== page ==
Director Joshiy makes it a very enjoyable movie to watch, but the second half does not keep up with the neatly built-up first half.

Porinju Mariam Jose review Joju Chemban and Nyla star in lovely drama set in 80s
Flix Mollywood Friday, August 23, 2019 - 17:22
Worth a watch

Director Joshiy was once known for ‘killing off’ at least one of his lead characters towards the end of his movies. Porinju Mariam Jose, his newest, however, has a story based on some real life characters connected with the highly celebrated Thrissur perunnal (church festival). So, their life and death are not Joshiy’s doing, it’s happened in real. And the fiction around it has been neatly put on paper by scriptwriter Abhilash N Chandran, who was embroiled in a controversy two days ago with another writer – Lizzy Joy -- alleging that it was a copy of her script.

Setting aside the controversy, the script is written in a comfortable order, with obvious attention to detailing. The story begins in 1965 Thrissur, where we are given the background of the three title characters: Porinju (Joju George), Mariam (Nyla Usha) and Jose (Chemban Vinod). Three thick friends, they have grown up into 30-something adults in 1985, amid the perunnal festivities and fun, but with a sense of loss among them. Porinju and Mariam have long been in love with each other but couldn’t be together because Mariam’s dad had killed himself by hanging from a tree (although accidentally) when she was ready to start her life with Porinju. Jose has been a sad witness to all this. 

Joshiy includes a bunch of kids to dig out these histories from the various characters in town, speaking the adorable Thrissur dialect. Last perunnal, there was some trouble, they learn. Jose, who liked to do his ‘I am a disco dancer’ routine during festivals, broke tradition by dancing in front of Ipe sir’s (Vijayaraghavan) house. Practice was that when the rich Ipe family came out of their house to greet the festival gathering, no one danced. Drunk Jose forgets this and gets pushed by Prince (Rahul Madhav), Ipe’s grandson. Another back story tells you that the problem between Prince and Jose began when the latter grabbed ‘our Porinju’s pennu’, Mariam. And a third back story speaks of the bond shared by Ipe and Porinju – at times putting him in conflict between the rich man he protects and the friends he loves.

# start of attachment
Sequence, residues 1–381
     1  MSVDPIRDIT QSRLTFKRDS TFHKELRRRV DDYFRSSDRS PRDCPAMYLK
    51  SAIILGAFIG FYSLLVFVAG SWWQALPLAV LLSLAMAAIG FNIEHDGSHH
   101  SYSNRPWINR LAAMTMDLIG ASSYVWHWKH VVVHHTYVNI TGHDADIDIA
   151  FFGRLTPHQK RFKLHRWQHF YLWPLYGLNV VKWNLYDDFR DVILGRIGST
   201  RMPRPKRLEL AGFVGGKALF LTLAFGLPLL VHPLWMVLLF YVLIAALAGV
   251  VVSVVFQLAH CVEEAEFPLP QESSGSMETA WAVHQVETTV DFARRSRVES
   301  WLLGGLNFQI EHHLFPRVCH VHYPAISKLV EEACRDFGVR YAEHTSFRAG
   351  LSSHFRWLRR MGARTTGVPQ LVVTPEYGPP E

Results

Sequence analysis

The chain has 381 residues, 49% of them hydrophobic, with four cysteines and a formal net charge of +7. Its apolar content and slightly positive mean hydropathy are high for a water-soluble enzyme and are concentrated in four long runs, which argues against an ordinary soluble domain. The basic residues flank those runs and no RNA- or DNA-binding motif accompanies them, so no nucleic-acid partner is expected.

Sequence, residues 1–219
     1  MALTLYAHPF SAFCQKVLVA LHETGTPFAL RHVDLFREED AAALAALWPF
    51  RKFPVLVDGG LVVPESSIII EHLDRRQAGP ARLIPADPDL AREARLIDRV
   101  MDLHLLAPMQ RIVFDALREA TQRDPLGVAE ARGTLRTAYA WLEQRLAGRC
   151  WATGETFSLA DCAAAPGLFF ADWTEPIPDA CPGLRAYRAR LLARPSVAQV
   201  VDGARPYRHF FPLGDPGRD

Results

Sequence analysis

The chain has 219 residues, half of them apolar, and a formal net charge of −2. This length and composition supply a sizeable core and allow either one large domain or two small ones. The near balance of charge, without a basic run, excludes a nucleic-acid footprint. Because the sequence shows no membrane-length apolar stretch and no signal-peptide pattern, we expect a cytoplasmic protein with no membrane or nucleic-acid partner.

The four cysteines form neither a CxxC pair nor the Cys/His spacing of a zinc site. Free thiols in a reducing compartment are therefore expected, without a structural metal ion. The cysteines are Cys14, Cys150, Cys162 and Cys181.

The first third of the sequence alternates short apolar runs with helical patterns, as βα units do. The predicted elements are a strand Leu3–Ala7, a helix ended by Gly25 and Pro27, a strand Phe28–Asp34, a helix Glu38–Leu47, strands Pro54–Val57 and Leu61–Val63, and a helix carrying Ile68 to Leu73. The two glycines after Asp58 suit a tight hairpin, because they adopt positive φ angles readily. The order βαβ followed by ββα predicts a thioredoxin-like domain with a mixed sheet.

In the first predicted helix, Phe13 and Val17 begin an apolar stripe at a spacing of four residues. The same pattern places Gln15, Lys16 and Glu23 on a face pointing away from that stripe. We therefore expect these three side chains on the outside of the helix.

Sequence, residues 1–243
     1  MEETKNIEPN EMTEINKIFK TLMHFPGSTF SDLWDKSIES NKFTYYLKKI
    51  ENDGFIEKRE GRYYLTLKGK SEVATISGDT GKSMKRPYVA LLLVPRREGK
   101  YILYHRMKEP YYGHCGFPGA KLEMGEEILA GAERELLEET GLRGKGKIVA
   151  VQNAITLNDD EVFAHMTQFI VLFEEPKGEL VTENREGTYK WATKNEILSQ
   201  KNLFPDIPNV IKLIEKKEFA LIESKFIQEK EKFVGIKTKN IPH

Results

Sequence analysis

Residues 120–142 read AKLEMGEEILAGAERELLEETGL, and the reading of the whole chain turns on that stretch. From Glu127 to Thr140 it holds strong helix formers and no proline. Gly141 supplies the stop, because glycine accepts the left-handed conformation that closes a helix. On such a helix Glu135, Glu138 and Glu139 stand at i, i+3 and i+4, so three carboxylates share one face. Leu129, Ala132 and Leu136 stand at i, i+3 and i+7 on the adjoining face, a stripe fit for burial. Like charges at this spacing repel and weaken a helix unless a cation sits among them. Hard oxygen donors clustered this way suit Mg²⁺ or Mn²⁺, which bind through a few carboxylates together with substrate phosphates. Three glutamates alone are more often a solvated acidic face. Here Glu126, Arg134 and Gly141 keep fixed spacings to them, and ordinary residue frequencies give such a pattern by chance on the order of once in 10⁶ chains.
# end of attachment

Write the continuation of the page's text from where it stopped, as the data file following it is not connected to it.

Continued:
Some of it is predictable, like how Porinju is the one strong man whom 10 men together cannot defeat, the 1980s type of a hero. But it is still enjoyable, the way his character is written, and the way Joju enacts it. Porinju’s and Mariam’s love is sweet, the way he walks around her house every night to catch a glimpse of her before the night’s over, the way she knows it and walks out just then on the pretext of locking her gate. 

Mariam is the bold rich woman in the traditional Kerala Christian clothes, the moneylender everyone is scared of. And Nyla Usha plays the role well, though reminding you again of a 1980s bold heroine. The movie may be set in those years, but that doesn’t mean it should have been made like a 1980s film. Even when everything is in order – beautifully edited – and the props from the newspaper to the television set and the music are carefully chosen from those times, you can feel a certain artificiality to it all. But this is minute and it disappears every time Chemban Vinod is on the screen. He is just adorable as the mostly-drunk dance-loving film-watching, absolutely loving friend of Porinju and Mariam and the family man who makes everyone laugh.

The neatly built story, however, loses the effect in the second half of the film. A problem of too much happening all at once and not having it under control. While the flow itself is not affected, the film squanders the emotion it had built up until then. Not that Joshiy has lost his touch. You walk out, satisfied, and still thinking of the characters, the music they brought with them, and of Jose, dear dancing Jose.

Disclaimer: This review was not paid for or commissioned by anyone associated with the film. Neither TNM nor any of its reviewers have any sort of business relationship with the film's producers or any other members of its cast and crew.

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